UK Government ministers understand there are pros and cons with any decisions we take over lockdown. Strict measures might slow the spread of coronavirus but will cost more jobs and businesses. Easing restrictions runs the risk of spreading the virus more but reduces the threat of job losses. We should also remember that poverty caused by unemployment can affect people’s physical and mental health. There are no easy answers. However, the UK Government is trying to lift measures as quickly as possible whilst encouraging people to use common sense and protect themselves.
The Welsh Government is lifting lockdown at a slower rate than England meaning, for example, there will be no proper dental services until 2021. Worse than that is the economic impact. The headlines last week highlighted that 1,700 Airbus workers face losing their jobs in Wales. Nearly 100 times as many people - over 160,000 - work in the Welsh tourism industry. The Welsh Government’s decision to keep the tourist sector closed while England reopens means all those people now face the risk of unemployment.
Throughout the Covid-19 crisis, Welsh Government ministers have attended UK Government ministerial meetings. First Minister Mark Drakeford attends the top-level Cobra committee and other ministers attend the ministerial implementation meetings (a sort of level before Cobra). When I last counted, over 130 of these meetings had taken place - but the number is now much higher. I know this for a fact because as a junior Wales Office Minister, I have attended many myself.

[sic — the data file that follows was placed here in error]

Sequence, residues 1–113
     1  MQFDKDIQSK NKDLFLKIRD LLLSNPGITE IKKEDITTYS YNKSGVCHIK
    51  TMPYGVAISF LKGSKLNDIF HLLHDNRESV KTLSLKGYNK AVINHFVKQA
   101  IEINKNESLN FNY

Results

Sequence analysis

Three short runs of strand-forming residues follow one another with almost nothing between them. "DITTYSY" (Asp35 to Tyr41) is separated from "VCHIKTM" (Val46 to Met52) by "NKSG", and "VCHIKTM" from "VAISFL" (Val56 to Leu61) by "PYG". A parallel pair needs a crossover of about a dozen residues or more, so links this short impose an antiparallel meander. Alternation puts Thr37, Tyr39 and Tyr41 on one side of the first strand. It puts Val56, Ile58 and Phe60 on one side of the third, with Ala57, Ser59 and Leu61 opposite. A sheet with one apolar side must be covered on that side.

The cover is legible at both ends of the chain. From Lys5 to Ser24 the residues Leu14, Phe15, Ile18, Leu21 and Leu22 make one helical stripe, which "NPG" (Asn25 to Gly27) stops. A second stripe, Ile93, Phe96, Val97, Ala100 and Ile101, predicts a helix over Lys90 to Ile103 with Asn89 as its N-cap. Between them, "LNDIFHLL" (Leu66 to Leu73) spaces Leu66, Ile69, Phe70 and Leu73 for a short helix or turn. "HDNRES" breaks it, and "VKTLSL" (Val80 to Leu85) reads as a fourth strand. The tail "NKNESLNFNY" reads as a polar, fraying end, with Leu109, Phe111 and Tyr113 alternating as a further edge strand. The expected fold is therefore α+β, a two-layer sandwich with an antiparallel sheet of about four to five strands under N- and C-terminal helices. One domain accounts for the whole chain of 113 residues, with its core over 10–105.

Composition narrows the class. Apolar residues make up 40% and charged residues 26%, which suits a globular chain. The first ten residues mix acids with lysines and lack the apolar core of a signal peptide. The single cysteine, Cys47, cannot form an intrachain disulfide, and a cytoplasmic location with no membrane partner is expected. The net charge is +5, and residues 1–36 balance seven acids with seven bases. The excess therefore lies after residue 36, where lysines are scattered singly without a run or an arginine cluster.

When Welsh Secretary Simon Hart and I first heard Welsh Government officials complain they wanted an even closer relationship, we asked if one of us could attend Assembly ministerial meetings. Eventually an invitation arrived to attend a briefing, but only the parts which related to non-devolved issues. I don’t want to sour the good working relationship that has been developing between the UK and Welsh governments. But the fact is their ministers have had full access to our ministerial meetings and we have no access to theirs. It is therefore ridiculous for them to complain they don’t get enough information about what the UK Government is doing.
Last year Newport was ranked as one of the best places to live in the UK by one company. Quite right too. But the study only looked at financial criteria, jobs, value for money and didn’t even mention the people and strong sense of community. Throughout the lockdown, neighbours would knock on the door (standing well back) to offer practical help to my mother. Furthermore, an excellent local charity - St David’s Foundation Hospice Care - had the most amazing team of local people providing help in the most difficult of circumstances.
I am proud to have been brought up in this city. I hope the Argus will continue with its "We're backing Newport" campaign when lockdown is over.
- The constituency office in Usk is closed and my staff and I are remotely working from home. As much as we are able, we are taking a 'business as usual' approach. Constituents can still telephone 01291 672817 (calls are diverted) or email email@example.com
*Published in the South Wales Argus on 6 July 2020*